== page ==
This article is part of our ‘Covid-19 & the Job Market’ resource pack. View more here.

Living amidst a pandemic means not taking the usual comforts foregranted. It also means having to deal with a constant bombardment of negative news stories, calls to pick up a new hobby or learn a new skill, improve your language skills, not to fall back and keep up and to get stuff done anyway. Of course, these are mostly well-intended but they inevitably create stress and pressure which could lead to burnout.

 

But firstly, what is burnout?

“Burnout is a state of emotional, physical, and mental exhaustion caused by excessive and prolonged stress. It occurs when you feel overwhelmed, emotionally drained, and unable to meet constant demands.” according to Helpguide.org. Burnout exposes “that you have been living your life through the lens of the inner critic and not your real self.” – Frank Conway from Moneywhizz.

Burnout happens when many of us feel the need to keep busy and do more and more, as “we have no excuses now” that we’re stuck at home. So how can we avoid burnout?

How do you get yourself back out of what seems a bottomless pit?

The plus side to burnout is that it shows us the sides of our life which we have been neglecting. We neglect our sleep to get in an extra hour of work, we might stop exercising, and we neglect ourselves and the much-needed self-care.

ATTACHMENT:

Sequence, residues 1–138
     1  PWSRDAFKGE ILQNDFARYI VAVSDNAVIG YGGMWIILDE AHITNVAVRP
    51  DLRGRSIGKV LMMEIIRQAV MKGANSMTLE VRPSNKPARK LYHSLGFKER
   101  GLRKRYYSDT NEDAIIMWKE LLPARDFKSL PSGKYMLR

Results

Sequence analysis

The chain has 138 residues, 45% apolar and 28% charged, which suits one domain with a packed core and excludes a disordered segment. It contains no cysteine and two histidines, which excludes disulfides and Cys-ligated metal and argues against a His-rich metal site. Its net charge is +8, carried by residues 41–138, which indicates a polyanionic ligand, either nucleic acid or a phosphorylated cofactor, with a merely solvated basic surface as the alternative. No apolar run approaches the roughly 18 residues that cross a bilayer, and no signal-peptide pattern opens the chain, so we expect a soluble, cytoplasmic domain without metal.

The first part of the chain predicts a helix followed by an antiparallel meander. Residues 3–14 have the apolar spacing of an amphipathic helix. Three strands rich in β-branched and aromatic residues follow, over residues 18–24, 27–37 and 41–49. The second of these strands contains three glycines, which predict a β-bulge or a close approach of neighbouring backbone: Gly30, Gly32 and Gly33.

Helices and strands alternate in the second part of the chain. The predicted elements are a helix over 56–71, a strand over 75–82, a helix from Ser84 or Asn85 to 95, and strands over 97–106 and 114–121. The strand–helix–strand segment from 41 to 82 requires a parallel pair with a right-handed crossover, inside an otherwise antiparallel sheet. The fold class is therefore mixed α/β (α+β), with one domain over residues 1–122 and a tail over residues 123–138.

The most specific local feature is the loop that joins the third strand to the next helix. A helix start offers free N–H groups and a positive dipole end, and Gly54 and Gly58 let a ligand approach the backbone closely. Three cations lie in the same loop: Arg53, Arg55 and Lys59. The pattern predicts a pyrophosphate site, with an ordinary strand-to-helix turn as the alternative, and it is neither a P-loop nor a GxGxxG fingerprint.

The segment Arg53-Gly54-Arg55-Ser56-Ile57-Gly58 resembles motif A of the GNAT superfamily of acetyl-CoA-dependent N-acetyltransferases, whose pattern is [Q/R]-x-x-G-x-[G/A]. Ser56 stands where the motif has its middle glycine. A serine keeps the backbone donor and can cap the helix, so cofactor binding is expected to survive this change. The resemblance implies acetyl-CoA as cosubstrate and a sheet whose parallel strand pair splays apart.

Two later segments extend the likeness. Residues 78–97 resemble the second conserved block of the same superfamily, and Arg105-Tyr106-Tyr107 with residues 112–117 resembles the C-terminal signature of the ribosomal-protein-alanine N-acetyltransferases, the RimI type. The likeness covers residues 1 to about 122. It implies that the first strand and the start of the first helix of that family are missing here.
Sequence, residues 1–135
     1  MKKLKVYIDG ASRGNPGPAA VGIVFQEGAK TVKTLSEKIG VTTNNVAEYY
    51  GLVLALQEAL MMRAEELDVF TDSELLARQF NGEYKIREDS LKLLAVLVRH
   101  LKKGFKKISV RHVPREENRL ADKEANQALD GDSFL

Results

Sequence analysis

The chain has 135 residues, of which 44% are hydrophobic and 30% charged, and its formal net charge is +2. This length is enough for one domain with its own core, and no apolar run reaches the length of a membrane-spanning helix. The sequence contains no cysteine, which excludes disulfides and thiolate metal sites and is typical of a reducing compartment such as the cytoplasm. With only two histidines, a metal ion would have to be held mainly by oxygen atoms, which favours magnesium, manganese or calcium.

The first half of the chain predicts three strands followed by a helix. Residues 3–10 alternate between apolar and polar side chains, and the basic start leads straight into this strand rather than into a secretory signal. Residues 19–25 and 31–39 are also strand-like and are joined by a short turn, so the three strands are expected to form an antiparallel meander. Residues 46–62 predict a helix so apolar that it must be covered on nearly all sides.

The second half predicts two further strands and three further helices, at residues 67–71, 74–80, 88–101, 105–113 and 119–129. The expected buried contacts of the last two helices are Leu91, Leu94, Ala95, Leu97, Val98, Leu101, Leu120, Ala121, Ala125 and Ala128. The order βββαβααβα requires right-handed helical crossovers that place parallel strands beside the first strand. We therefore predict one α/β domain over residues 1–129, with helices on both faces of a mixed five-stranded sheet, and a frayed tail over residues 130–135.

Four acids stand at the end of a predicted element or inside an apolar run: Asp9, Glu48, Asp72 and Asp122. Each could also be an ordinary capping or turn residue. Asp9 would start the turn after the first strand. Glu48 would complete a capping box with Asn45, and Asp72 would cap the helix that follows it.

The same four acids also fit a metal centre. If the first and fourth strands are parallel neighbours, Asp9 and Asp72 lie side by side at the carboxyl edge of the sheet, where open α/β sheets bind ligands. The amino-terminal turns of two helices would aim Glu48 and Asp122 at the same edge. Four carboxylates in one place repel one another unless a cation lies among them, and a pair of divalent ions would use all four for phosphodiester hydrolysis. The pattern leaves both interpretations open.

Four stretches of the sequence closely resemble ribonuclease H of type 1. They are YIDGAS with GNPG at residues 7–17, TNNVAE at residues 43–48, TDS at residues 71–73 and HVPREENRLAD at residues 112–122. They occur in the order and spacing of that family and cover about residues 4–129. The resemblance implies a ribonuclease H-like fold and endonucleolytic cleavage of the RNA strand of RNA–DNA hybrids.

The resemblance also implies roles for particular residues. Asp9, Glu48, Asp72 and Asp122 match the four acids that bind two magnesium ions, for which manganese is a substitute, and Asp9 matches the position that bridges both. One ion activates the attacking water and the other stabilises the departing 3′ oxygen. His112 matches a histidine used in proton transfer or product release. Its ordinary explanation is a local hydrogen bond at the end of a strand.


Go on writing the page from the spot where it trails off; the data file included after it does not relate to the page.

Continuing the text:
Burnout doesn’t happen overnight.

You may find yourselves feeling overwhelmed by the simplest deadline or receiving an electricity bill. Look out for these signs.

However, in the present situation, although we might usually think of burnout as the cause of working after hours, or working in overdrive, or a lack of a work/life balance, burnout may be the cause of something else: the burnout of choice. Experts call it ‘decision fatigue‘. We are faced with decisions we’re not used to having to make – like “is it safe to order take out?” or “Can I survive without milk another day and avoid going to the grocery shop?” Then we are faced with “life-or-death” decisions – like avoiding visiting parents because it might cost them their lives. This is not the psychological stress we are used to, or something we’ve ever had to experience in the modern world.

There is also the stress of ‘free time’.

We may be pressured to think that since we’re home we can work on our hobbies at leisure. However, whilst this may be a source of relaxation for some, it may be a cause of stress for others. This “fear of missing out” may lead to people feeling anxious of not spending their time “the way they should”. If bingeing on Netflix works for you, then so be it. If for others it mean exercising 3 hours a day or getting into pottery – then so be it. There is no right or wrong. Whatever activity you choose to do, shouldn’t feel exhausting. It is unrealistic to expect miracles in a time when the lifestyle we’re used to is threatened. Your priority at this moment in time is to stay sane.

This is not forever.

Although it may seem like self-isolating is your new way of life, it’s not forever. All this is is a period in our lives which will come to pass like everything else. We have to get rid of any unrealistic expectations and after all this is over we will come out stronger and wiser as we have now gained the ability to manage and cope with such a situation. The best we could do is practice social distancing and make sure it lasts the least it possibly could and in the meantime, do what we can to free our minds from fatigue.

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